Jayant Ganpat Nadkarni was born on December 05, 1931 at Pune, Maharashtra. On completion of Cadets’ training at TS Dufferin at erstwhile Bombay he joined the Royal Indian Navy in March 1949.
As it was common those days, he too was deputed to United Kingdom (UK) to undergo basic training at the Royal Naval College, Dartmouth. On completion he was drafted for sea training on board the Training Cruiser HNS Devonshire and at other training establishments of the Royal Navy. During his initial training period itself he excelled in every aspect of naval training through sheer dint, hard work and determination and came to be recognized as a gifted Indian naval trainee.
There is a popular anecdote that when he was undergoing his initial training in UK that a Royal Navy Training Officer once called him, “Come here, you podgy little man!” From that time on “Podgy” became his fond nickname.
His special acumen was soon recognised, and he was selected to undergo prestigious specialisation course in Navigation and Direction in UK. During the specialization course his outstanding talent in navigation was acknowledged and he came to be recognized as an Ace Navigator. On his return to India he was the most sought-after Navigator. During Liberation of Goa operations, he was the Navigating Officer of Cruiser INS Delhi which was commanded by highly professional and hard task master Captain N Krishnan (later Vice Admiral). Then Lt Nadkarni through his outstanding talent and the art of navigation endeared himself to his Commanding Officer and for ever remained favourite of his Commanding Officer.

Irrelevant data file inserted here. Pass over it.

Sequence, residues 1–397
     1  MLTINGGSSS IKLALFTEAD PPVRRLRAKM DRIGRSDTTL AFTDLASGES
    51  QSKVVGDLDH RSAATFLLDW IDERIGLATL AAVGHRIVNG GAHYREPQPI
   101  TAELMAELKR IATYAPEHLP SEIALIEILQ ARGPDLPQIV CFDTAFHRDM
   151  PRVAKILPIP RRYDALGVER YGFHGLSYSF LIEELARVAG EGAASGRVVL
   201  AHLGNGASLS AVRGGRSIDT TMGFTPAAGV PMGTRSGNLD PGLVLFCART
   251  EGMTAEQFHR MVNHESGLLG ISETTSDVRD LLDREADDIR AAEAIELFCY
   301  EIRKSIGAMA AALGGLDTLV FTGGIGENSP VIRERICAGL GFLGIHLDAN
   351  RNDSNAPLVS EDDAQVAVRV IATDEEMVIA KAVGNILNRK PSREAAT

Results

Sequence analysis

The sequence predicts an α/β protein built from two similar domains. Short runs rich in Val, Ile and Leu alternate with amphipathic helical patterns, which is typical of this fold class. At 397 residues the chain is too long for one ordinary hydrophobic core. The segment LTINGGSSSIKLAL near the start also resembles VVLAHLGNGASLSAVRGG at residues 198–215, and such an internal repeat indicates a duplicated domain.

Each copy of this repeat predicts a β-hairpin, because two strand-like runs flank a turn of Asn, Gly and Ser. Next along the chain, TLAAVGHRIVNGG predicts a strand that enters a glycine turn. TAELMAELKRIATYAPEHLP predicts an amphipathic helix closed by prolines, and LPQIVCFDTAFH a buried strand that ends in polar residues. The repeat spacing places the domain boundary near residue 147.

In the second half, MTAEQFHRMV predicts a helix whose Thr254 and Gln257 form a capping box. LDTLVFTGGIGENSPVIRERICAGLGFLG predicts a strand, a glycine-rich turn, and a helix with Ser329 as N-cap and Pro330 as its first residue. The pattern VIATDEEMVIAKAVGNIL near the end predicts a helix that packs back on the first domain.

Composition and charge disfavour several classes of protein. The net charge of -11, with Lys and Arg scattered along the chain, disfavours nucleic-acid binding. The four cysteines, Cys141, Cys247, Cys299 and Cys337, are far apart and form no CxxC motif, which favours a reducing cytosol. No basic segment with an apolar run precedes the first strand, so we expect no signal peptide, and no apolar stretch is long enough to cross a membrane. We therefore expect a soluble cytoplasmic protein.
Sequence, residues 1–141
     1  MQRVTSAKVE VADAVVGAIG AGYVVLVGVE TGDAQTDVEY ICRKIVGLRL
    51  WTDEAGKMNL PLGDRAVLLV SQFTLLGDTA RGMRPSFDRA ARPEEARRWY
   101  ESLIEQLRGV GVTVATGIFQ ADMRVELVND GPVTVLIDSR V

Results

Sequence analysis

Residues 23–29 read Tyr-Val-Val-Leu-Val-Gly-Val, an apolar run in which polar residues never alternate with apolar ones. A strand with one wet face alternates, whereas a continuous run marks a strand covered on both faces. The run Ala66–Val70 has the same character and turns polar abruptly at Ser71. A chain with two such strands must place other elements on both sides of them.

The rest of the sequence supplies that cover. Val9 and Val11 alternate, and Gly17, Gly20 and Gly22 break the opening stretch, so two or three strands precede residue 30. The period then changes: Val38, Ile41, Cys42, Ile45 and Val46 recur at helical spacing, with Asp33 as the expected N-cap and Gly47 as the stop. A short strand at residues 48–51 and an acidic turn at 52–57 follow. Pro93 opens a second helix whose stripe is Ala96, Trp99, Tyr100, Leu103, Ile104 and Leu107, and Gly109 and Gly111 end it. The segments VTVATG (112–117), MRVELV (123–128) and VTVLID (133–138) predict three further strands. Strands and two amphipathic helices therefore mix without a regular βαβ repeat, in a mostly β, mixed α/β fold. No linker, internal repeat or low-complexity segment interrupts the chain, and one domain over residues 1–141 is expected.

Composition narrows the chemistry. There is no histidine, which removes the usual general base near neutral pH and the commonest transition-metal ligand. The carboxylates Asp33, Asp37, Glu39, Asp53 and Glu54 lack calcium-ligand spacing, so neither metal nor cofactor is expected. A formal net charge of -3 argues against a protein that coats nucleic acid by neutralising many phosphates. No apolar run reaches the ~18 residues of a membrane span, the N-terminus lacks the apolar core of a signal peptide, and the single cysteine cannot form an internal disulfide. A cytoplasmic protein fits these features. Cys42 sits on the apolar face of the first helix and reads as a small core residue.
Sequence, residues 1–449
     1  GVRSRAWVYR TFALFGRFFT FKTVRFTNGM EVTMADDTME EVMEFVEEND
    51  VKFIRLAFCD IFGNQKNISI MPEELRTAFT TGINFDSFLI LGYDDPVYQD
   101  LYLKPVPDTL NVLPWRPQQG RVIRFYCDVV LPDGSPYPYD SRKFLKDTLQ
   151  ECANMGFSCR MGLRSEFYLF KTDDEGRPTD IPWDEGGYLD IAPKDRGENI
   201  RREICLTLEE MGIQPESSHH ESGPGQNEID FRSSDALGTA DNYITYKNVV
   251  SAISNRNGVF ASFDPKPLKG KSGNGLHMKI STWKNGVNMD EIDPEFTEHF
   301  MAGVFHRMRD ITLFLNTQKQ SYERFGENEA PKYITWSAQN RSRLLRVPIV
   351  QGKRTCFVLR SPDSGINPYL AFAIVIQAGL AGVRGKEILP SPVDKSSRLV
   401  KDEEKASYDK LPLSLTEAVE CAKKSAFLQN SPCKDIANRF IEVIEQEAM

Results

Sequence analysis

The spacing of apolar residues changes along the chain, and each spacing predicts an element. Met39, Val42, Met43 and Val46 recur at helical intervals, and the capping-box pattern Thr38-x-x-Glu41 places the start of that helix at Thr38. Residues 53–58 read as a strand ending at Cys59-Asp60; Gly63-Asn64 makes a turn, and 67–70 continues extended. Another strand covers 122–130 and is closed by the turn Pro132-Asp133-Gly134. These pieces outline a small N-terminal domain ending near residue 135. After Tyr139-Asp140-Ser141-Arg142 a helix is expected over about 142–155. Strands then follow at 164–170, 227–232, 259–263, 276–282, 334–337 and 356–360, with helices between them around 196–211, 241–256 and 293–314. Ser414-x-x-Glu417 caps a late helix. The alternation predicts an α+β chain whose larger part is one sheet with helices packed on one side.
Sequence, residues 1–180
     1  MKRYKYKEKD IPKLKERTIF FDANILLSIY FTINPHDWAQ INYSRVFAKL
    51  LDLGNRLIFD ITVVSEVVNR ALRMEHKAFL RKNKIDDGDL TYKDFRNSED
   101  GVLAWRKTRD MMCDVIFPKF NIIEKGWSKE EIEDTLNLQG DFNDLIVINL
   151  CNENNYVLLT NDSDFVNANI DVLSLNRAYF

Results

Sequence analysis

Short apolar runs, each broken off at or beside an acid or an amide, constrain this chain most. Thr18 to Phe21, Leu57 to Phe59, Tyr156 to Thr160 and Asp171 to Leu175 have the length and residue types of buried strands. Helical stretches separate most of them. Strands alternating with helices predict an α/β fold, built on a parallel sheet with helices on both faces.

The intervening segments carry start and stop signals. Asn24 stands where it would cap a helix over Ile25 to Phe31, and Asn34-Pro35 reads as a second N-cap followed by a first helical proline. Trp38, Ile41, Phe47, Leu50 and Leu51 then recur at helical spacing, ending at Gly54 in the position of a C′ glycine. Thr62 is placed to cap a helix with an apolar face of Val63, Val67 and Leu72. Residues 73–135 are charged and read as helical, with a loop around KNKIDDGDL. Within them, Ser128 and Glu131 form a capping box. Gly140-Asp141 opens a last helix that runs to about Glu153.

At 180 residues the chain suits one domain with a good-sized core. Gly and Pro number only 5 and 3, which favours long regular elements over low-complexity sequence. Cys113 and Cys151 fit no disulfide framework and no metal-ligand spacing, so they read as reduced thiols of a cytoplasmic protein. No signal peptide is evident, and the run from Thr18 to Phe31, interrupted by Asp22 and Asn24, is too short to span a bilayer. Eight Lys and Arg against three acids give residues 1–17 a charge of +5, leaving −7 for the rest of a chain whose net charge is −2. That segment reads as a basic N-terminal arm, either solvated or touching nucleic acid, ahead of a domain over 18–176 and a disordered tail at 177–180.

Vice Admiral MP Awati (Retired) had this to say in tribute, “He (Podgy) was an accomplished Navigator, who had a special touch for the Haven-Finding art, which skill I do not see since his (Nadkarni’s) days at sea as a captain in a ship or as the Commander, Western Fleet. No one, to my knowledge, has matched him in the past 50 years or more.Podgy’s quiet, self-effacing facade hid a steely determination to do right, always and every time, by his ships and men. He belongs to that immensely rare breed of men who display character and was looked up to by all his subordinates, equals and superiors for his almost puritanical professionalism.”
As a Commander he commanded old INS Talwar during 1968 with such distinction that his ship handling skills, command, and operations capabilities are still viewed with great admiration and awe. As a Captain he commanded old INS Delhi during 1976. The ship was sent to Naval Dockyard, Bombay for routine refit. Suddenly,Captain Nadkarni was ordered to sail INS Delhi with despatch to Cochin to embark essential equipment and proceed post haste to Maldives to oversee salvage of grounded Destroyer INS Godavari. That mission was called Operation Godavari Salvage; viz GODSAL. The operation was very complex, and safety of Godavari was in grave danger, since the ship was deeply embedded on the coral reef off Maldives and because of shallow depth pulling her out became a nightmare. The main concern of then Captain Nadkarni was that a naval warship could not be abandoned or allowed to sink in the international waters. Prestige of the Country was at peril.He steered GODSAL most deftly and adroitly to keep nation’s pride intact. He was awarded Naosena Medal for his spectacular achievement.